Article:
This symposium explores the range of perspectives in Native communities on genomics and highlights key topics for ongoing community conversation. The symposium will focus on the following topics: "Can Genetics Research improve Native Health?"; "The Ethics of Blood; Genomics & Ancestry: Ethics, Origins, and Policy"; and "Insights From the Field: Next Generation Native Researchers." This program is co-hosted by the National Congress of American Indians, the National Human Genome Research Institute, and the National Museum of the American Indian in conjunction with the "Genome: Unlocking Life's Code" exhibit at the Smithsonian's National Museum of Natural History.
Suma Qamaña means "living well," and Bolivia is proud to celebrate its cultures, history, and heritage during this festival that featured presentations and programs including contemporary and traditional dance groups, music workshops, demonstration artists, food and fun for the entire family. Bolivians share their wisdom, knowledge, and culture.
The word aloha, a traditional greeting in Hawaii, expresses sincerity and is a critical aspect of the Native Hawaiian worldview. The concept of aloha suggests love, affection, compassion, mercy, sympathy, kindness, charity, greeting, and more. This 4-day festival marks the beginning of our 25th anniversary celebration. Starting with a symposium on the Life and Legacy of Senator Daniel K. Inouye (see the separate playlist) and then commencing with three days of hula, music, storytelling, demonstrations, film, and activities celebrating Native Hawaii.
This special symposium honors one of history's greatest advocates for Native people—Senator Daniel K. Inouye (1924--2012), former Chairman and Vice Chairman of the U.S. Senate Committee on Indian Affairs, and one of the visionary founders of the National Museum of the American Indian. A person deeply grounded in values, community, and family, Daniel Inouye's myriad accomplishments include, among others, legislation and support for strengthening Native sovereignty, treaties, governance, economic development, education, and health care. Distinguished speakers who knew Senator Inouye and his work reflect on his many contributions to the well-being of Native America and look to the future to build upon the foundation of the Senator's legacy to carry forward his work for the benefit of future generations of Native people.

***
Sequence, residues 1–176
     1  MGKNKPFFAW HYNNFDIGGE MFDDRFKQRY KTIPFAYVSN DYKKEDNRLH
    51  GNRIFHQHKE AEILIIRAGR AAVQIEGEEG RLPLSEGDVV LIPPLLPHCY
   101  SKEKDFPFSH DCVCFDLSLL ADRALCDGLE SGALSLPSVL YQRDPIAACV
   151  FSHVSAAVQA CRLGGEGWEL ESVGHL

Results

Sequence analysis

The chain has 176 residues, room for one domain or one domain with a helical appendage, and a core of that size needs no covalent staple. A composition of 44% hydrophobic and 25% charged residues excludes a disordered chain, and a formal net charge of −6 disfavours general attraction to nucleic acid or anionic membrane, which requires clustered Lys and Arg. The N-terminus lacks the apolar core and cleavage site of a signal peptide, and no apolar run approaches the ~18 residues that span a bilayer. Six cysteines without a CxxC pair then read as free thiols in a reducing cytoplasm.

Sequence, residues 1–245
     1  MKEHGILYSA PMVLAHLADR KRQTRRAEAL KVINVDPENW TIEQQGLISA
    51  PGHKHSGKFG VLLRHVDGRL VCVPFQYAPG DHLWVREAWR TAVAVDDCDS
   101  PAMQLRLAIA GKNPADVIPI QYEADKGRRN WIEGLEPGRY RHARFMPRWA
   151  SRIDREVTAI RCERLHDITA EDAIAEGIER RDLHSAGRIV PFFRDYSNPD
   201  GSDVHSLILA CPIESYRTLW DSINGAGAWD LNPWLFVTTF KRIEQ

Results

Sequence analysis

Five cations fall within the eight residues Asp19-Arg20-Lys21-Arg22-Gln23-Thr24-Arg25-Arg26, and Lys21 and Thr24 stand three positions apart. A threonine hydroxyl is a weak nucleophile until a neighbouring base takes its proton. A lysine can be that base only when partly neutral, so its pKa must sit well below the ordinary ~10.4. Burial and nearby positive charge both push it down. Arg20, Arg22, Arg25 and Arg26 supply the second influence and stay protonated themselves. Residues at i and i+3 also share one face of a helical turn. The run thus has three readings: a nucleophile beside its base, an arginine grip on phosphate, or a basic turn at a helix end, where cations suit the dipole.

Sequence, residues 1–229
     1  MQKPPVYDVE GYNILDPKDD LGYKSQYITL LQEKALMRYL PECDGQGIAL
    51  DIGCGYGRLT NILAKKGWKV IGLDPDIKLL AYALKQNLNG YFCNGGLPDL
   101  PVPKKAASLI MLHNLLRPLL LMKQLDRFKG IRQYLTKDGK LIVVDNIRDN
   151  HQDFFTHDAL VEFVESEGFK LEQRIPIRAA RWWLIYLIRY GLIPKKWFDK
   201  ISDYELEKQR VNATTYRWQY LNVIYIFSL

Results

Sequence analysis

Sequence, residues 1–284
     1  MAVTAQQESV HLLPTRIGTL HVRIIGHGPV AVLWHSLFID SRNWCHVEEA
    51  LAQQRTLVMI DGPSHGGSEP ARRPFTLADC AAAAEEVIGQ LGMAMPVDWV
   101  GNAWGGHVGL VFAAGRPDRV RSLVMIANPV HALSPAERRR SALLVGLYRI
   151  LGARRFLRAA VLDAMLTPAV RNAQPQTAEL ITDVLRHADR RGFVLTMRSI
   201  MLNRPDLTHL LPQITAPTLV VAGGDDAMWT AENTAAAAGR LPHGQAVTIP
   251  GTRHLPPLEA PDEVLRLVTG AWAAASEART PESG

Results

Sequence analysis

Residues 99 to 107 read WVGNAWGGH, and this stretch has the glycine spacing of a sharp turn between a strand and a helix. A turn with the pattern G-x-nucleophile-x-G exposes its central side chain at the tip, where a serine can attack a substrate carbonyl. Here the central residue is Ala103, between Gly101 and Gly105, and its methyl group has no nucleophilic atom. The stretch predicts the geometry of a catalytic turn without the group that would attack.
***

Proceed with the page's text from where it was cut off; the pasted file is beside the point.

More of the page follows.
Engineering the Inka Empire: A Symposium on Sustainability and Ancient Technologies was a day-long event presented at the Rasmuson Theater of the National Museum of the American Indian in Washington, D.C., on November 14, 2013. One of civilization's most impressive engineering achievements, the Inka Road (or Qhapaq Ñan) traversed the Inka Empire, which encompassed large territories of present-day Peru, Bolivia, Ecuador, Colombia, Argentina, and Chile. The symposium, moderated by José Barreiro, explores new theories and discoveries about the construction of the Inka Road and how these ancient techniques can be applied by modern engineers and city planners. Insightful presentations by noted international engineers and scholars illuminate the planning, building, and sustainability of the magnificent Inka roads that five hundred years ago integrated the rugged, mountainous world of the Andes. Cosponsored by the National Museum of the American Indian and the Smithsonian Latino Center, this symposium was supported with internal Smithsonian funds from the Consortium for World Cultures.
Hear scholars speak on diverse topics relating to Native America.